This is an excellent recounting of John Johnson’s life that’s written in an easy-to-read format, it flows nicely, and is delivered in a writing style that allows readers to almost hear the slow high mountain drawl that was characteristic of the mountain men. It is concise and moves along well, and does limit the graphic detail in what is a very disturbing story in parts. I definitely recommend this book to those seeking to learn more about the mountain men, or who have watched the movie Jeremiah Johnson and would like the whole story behind the film.

Comments

    0 of 8192 characters used
    Post Comment

    • profile image

      Dorman Nelson 

      7 years ago

      Howdy,

      Actually his life was more interesting than the movie. I have spent over half my life trying to find out who he was, where he went, and what he did. From a seafarer, to trapper, to trader, to deputy, to scout, to a performer, to trying to start his own theatre troupe, he was always busy. Drank a bit, hit the hot pools, and shot a few people, but that was the era he was born to.

    • wychic profile imageAUTHOR

      Rebecca Mikulin 

      8 years ago from Sheridan, Wyoming

      Agreed! It seems like there should be one out there somewhere, but I know I've never seen it...maybe people think the real story would be a bit gruesome in and of itself? His life certainly seems custom-made for movies.

    • profile image

      JamesW 

      8 years ago

      So many westerns were made with this story as the theme. Why not make a non-fiction movie of Liver eating Johnson?

    working

    This website uses cookies

    As a user in the EEA, your approval is needed on a few things. To provide a better website experience, hubpages.com uses cookies (and other similar technologies) and may collect, process, and share personal data. Please choose which areas of our service you consent to our doing so.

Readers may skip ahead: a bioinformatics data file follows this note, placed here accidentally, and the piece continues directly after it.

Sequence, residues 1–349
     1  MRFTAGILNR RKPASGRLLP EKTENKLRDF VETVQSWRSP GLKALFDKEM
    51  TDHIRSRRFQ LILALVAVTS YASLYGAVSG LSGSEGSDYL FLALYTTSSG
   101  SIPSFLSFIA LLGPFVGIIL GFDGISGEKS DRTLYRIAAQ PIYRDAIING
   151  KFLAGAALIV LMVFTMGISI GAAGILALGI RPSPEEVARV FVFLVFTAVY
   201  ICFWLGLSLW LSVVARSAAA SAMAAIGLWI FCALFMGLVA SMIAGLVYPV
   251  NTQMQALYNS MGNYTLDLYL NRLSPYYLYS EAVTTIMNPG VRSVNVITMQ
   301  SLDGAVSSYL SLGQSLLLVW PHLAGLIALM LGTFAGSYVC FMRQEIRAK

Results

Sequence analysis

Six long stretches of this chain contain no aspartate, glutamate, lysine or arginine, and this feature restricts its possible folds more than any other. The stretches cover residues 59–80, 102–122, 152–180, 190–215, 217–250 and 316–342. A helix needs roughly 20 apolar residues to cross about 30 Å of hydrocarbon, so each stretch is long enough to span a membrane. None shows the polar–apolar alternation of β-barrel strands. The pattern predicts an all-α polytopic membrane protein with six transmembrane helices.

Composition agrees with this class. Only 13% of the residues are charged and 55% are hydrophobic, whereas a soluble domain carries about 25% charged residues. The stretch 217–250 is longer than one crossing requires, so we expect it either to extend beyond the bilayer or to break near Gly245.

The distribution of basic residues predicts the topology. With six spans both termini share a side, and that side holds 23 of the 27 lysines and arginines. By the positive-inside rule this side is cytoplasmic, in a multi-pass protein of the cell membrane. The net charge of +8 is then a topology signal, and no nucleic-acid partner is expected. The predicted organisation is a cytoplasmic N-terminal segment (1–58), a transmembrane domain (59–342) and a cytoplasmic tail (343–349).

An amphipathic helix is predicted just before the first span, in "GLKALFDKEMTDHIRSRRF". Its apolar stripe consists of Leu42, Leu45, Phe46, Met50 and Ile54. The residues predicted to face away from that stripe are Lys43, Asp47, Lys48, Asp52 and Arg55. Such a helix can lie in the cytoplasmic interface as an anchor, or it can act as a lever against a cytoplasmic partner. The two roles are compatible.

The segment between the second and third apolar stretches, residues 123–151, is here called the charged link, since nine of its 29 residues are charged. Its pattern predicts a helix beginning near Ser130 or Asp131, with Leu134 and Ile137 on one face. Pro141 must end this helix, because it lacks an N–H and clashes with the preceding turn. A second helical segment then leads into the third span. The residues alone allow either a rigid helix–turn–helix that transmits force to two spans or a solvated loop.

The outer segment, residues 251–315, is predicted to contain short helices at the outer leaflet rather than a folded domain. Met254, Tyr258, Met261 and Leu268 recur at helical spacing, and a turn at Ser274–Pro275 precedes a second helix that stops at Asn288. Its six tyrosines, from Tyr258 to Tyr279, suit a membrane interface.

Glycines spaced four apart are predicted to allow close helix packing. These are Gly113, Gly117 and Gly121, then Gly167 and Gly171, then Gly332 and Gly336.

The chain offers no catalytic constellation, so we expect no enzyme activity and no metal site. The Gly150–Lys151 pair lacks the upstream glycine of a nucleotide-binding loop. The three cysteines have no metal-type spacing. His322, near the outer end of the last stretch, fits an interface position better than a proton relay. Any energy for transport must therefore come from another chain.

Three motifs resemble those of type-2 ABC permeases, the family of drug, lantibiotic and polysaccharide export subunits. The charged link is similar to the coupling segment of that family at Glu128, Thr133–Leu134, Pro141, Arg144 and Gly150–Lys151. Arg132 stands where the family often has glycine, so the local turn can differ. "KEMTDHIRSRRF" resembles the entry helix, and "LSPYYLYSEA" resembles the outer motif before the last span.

For more information on managing or withdrawing consents and how we handle data, visit our Privacy Policy at: https://hubpages.com/privacy-policy#gdpr

    Show Details
    Necessary
    HubPages Device IDThis is used to identify particular browsers or devices when the access the service, and is used for security reasons.
    LoginThis is necessary to sign in to the HubPages Service.
    Google RecaptchaThis is used to prevent bots and spam. (Privacy Policy)
    AkismetThis is used to detect comment spam. (Privacy Policy)
    HubPages Google AnalyticsThis is used to provide data on traffic to our website, all personally identifyable data is anonymized. (Privacy Policy)
    HubPages Traffic PixelThis is used to collect data on traffic to articles and other pages on our site. Unless you are signed in to a HubPages account, all personally identifiable information is anonymized.
    Amazon Web ServicesThis is a cloud services platform that we used to host our service. (Privacy Policy)
    CloudflareThis is a cloud CDN service that we use to efficiently deliver files required for our service to operate such as javascript, cascading style sheets, images, and videos. (Privacy Policy)
    Google Hosted LibrariesJavascript software libraries such as jQuery are loaded at endpoints on the googleapis.com or gstatic.com domains, for performance and efficiency reasons. (Privacy Policy)